When the Spotlighters Theatre obtained the rights to A. R. Gurney's two-person epistolary play, "Love Letters," the theater's artistic director, Audrey Herman, thought it would be zTC fun to have a series of different couples perform it. Ed Perry, the show's director, not only agreed, he cast Herman as half of one of the six couples appearing in the play in rotation.
There is precedent for multiple casting in "Love Letters"; in fact, there are multiple precedents. All of these stem from the unusual nature of the play. "Love Letters" consists of 50 years of fictitious correspondence between a patrician couple who meet in the second grade. In an effort to reinforce the distance inherent in a relationship conducted through the mail, the playwright insists that the letters be read and not memorized.
This means "Love Letters" requires minimal rehearsal time. When it made its 1989 New York debut, the play proved an ideal vehicle for stars reluctant to commit to long engagements. In Los Angeles, celebrities stepped in for brief runs between movie or TV shoots.
The six couples at the Spotlighters range from a long-married couple to a pair who had never met before the audition.
"One of the things I was trying to accomplish, since you read this, was to keep this fresh," Perry explains. "Another thing I was interested in doing was getting different interpretations of the same play." And, he confirms, "I very definitely am getting totally different readings from different people."
To get an idea of how different the Spotlighters' couples are from each other, three of the most diverse were interviewed.
Herman is playing opposite John Bruce Johnson, president of the Vagabond Players. Between them, they have 60 years at the helm of two of Baltimore's most established community theaters. They've also been friends for three decades, often sharing the resources of each other's theaters in a spirit of cooperation typified by this production. But until now, they'd never performed together.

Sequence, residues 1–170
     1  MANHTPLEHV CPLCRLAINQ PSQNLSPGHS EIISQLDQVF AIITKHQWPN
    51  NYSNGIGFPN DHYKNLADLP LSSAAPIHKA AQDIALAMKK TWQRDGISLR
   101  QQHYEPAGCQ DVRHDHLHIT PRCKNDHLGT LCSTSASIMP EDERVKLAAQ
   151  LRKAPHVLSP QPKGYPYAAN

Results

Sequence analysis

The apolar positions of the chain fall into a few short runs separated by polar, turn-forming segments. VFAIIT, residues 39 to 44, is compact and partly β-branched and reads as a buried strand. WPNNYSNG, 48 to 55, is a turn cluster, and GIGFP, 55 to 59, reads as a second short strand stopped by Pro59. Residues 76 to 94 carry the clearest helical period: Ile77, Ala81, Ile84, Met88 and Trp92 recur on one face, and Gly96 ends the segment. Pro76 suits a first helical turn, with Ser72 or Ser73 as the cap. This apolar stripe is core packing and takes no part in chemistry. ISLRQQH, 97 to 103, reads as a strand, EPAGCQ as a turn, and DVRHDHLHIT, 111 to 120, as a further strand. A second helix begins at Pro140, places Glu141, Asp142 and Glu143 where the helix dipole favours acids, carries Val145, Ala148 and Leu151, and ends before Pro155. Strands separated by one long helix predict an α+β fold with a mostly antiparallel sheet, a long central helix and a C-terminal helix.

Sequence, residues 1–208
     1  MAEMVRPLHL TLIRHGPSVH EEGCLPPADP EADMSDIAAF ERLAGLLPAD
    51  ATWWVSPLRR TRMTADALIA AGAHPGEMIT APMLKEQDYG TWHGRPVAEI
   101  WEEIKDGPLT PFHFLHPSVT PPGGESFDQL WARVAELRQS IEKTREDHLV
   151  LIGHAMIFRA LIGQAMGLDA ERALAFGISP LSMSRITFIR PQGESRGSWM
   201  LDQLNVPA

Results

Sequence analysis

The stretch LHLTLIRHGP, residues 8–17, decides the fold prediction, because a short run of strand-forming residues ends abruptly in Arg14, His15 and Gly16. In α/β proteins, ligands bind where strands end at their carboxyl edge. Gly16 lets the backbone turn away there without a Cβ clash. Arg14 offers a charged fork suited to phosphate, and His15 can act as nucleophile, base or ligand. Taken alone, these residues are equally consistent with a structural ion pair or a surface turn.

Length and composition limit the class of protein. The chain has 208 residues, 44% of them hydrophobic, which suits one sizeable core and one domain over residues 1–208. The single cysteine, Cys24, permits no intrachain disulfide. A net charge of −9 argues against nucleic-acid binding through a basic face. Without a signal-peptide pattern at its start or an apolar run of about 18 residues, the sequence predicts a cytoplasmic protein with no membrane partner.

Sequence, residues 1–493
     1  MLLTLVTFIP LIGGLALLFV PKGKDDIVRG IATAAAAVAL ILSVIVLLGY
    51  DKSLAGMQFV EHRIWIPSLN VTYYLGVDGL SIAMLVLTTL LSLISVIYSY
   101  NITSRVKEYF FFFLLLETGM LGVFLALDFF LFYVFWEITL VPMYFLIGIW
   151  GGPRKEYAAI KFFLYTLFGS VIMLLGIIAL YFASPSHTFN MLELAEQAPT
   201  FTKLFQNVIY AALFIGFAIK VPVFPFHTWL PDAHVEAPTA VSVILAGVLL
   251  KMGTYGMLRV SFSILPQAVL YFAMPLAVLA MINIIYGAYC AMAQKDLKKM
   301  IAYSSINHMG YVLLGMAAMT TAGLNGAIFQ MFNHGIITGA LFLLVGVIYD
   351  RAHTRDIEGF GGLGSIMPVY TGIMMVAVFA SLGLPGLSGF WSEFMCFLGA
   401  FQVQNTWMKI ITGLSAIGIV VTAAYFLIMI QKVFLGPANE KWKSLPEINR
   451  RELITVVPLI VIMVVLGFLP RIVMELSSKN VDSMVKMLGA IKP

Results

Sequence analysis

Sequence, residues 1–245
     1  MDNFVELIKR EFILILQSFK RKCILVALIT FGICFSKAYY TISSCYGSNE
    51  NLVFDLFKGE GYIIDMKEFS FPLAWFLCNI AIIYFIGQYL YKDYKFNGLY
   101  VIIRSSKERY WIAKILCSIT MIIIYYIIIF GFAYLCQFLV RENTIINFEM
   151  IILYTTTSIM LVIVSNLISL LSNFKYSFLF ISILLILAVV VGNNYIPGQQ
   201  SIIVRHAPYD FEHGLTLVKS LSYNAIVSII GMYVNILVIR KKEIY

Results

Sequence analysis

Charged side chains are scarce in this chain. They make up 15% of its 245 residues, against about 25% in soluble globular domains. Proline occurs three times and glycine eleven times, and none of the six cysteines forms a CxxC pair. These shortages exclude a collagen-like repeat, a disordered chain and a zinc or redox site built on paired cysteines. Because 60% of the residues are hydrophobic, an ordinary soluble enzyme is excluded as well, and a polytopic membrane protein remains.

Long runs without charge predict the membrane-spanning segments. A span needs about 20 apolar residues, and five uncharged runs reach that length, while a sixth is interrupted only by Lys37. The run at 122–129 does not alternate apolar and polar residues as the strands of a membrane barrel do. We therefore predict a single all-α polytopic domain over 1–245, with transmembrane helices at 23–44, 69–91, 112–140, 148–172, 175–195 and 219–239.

"I'm the only actor in Baltimore who's never acted at Spotlighters," says Johnson, who also insists he doesn't really consider himself an actor, having last appeared on stage -- at the Vags -- in 1974. Herman, on the other hand, has appeared on the Spotlighters stage with some regularity, most recently in "Pippin" last May.
Johnson says not having to memorize lines was one of the enticements of "Love Letters." At the same time, he's concerned about the idiosyncratic direction called for in the script. "We're not even supposed to pay attention to each other. The two actors on stage are theoretically oblivious of each other -- reading letters they've written," he explains. "I'm so used to looking at Audrey on stage acting. If Audrey speaks on stage, I want to see it."
In contrast, Branch and Dickens Warfield, the only husband-and-wife team in the show, insist that after 38 years of marriage, not looking at each other will be easy. "We ignore each other all the time," Dickens jokes.
Despite this remark, the Warfields, who are retired, look for opportunities to perform together. Of the 50 shows they have each been in since 1972, three-fourths have been together.
Branch says the chief difficulty of "Love Letters" is that, "for me, it's hard not to ham it up, to sit there and read . . . and almost not respond -- almost as if you were on radio. But it's an interesting discipline for us."
The couple who met at the audition are Sue Hess, president of the Maryland Citizens for the Arts, and Richard Kirstel, an artist, photographer and writer. They quickly discovered a common bond. Hess worked on the Maryland Citizens' ArtSalute last season with Kirstel's wife, Barbara, who is house manager of Meyerhoff Symphony Hall, where the event took place.
That connection aside, Hess believes that having had no previous contact with her "Love Letters" co-star will be "an advantage because you've got a white slate that you're working with . . . It's not distorted by any previous kinds of knowledge."
What worries her is that -- unlike Kirstel, who has been active in area theaters since 1986 -- she hasn't acted in 17 years. And, at the intimate Spotlighters, the audience will be just an arm's length away.
"Sue's feeling a little nervous because it's her 'return debut,' " acknowledges Kirstel, who adds that for him, "it's just another show."
Hess is overcoming her fear, though, in part because she's a fan of the play and in part because she hopes she'll enjoy performing again. But she also has another, more poignant motivation for appearing in this play about a long-standing relationship. John E. Hess Sr., her husband of 39 years, died in September.
"I felt that my husband would really have liked me to have done it," she says.
Where: Spotlighters Theatre, 817 St. Paul St.
When: 8 p.m. Fridays and Saturdays; 2 p.m. Sundays. Through Jan. 29
Tickets: $8 and $9
Call: (410) 752-1225